Wednesday, March 12, 2014

City of Redmond shows progress towards improving the environment

Four city planners delivered to the Redmond City Council two significant environmental progress reports at their last study session.  Environmental planner Cathy Beam gave a Climate Action Plan update on green building projects and Stream habitat planners Roger Dane and Tom Harding discussed restoration of  Redmond streams.  Read More >>

According to Harding, the city has 50 miles of streams and 200 miles of stormwater pipe that mostly drain hard surface run-off.  Of course, the streams also have a habitat function for Redmond salmon and other stream fish so the health of Redmond streams is important.  Currently, the city has 60 stream restoration mitigation sites located on 80 acres -- all maintained by AmeriCorp workers.

Currently, 70 fish migration barriers block 60% of Redmond streams.  The city's goal is to have all fish bearing Class Two streams free of barriers.  39 of the barriers are owned by the city.  Since 2010 the city reports they opened up 20 barriers.  Recently, near 124th Ave in North Redmond a private developer opened up four barriers.

Only seven miles of streams have good habitat complexity (woody debris) giving places where fish can hide.  The city has made tremendous improvements in this area by adding wood in Willows Creek and hundreds of logs in the South Bear Creek restoration project.

As of 2013 52% of regulatory stream buffers have a significant tree canopy.  The 100 year goal is to have 90% canopy.  Newly planted trees are caged to keep beavers out and take 5-10 years to grow into a significant canopy.  Investment in trees literally grows in value over time to improve habitat.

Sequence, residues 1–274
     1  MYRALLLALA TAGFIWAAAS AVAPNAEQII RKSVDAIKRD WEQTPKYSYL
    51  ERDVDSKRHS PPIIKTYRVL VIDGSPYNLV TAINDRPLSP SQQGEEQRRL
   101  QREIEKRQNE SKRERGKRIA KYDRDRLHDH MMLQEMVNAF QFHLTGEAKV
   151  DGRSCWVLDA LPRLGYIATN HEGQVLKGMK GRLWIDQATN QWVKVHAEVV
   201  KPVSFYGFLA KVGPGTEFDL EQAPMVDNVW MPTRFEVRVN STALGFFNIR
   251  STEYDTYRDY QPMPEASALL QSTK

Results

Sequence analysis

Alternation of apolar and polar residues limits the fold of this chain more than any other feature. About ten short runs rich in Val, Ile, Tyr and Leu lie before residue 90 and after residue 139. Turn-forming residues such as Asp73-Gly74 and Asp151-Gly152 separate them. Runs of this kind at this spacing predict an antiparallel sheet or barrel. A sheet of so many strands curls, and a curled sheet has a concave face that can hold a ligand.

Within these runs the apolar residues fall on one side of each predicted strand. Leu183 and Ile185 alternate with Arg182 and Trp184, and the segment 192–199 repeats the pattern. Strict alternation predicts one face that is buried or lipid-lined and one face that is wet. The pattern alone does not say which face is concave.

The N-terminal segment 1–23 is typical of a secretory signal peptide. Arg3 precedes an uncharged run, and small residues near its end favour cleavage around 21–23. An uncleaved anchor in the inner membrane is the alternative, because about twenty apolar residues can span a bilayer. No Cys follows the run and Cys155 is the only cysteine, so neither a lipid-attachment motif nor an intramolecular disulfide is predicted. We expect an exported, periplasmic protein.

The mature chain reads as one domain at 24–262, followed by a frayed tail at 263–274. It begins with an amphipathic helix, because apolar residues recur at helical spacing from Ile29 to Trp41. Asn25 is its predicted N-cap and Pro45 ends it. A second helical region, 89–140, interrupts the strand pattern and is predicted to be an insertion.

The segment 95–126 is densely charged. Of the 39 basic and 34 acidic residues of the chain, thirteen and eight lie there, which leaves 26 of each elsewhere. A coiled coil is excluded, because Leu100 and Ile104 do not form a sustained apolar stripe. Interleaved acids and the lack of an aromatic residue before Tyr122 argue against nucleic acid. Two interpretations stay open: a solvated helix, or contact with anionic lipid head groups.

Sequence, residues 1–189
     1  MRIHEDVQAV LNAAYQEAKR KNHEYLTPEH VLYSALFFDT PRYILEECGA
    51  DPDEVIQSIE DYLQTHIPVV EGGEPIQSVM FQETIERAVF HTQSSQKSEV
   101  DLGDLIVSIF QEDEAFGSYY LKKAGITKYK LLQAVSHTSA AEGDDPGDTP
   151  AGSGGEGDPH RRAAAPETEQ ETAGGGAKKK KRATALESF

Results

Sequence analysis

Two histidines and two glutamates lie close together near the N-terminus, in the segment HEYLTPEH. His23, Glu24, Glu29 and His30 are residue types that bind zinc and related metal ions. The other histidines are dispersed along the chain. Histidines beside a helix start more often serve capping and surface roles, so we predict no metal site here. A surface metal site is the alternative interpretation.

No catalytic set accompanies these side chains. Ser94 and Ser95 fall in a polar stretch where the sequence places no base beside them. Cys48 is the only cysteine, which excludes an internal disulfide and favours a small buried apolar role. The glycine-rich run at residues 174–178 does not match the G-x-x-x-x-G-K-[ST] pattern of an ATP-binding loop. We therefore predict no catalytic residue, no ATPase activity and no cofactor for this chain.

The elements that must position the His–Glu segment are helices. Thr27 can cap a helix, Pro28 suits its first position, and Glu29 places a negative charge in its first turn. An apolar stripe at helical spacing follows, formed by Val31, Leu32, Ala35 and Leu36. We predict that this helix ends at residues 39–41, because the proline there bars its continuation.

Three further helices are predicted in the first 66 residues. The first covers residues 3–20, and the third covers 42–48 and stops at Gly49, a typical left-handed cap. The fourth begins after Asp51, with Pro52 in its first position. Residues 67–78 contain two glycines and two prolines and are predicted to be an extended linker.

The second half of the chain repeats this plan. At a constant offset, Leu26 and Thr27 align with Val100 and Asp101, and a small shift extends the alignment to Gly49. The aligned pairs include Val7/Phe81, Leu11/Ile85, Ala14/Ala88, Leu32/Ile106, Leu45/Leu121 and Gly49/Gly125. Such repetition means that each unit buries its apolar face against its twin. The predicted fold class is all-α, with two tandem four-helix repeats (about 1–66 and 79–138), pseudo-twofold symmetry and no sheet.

Environmental Planner Cathy Beam was positive in her Climate Action Plan update.  She announced the Master Builders Association gave Redmond their "Green Hammer Award."  Redmond has 16 Lead Certified Homes buildings now and 14 Energy Star buildings and 1200 "Built Green" certified projects.  City incentive programs initiated Built Green momentum and now builders in North Redmond have established Built Green practices as their standard of practice.  Councilmember Stilin suggested that development communities having "Built Green" certification be given signage to announce their commitment to the environment. 

Reported By Bob Yoder


Anonymous said...

Interesting comment about caging trees to protect them from beavers - aren't they part of nature as well? If some beavers dam up one of these streams, will we leave the dam in place? Are beavers valued the same as salmon?

I'm all for nature, but who gets to be the final arbiter of what is natural and what isn't?

Bob Yoder said...

Tom Harding said they don't relocate existing beavers and that when a beaver breaks though a tree cage they look at it as providing valuable wood for the stream. Harding wants to protect the Cedar and Fir from the beavers but doesn't mind if they go after Willows and Dogwood. I think they leave beaver dams untouched.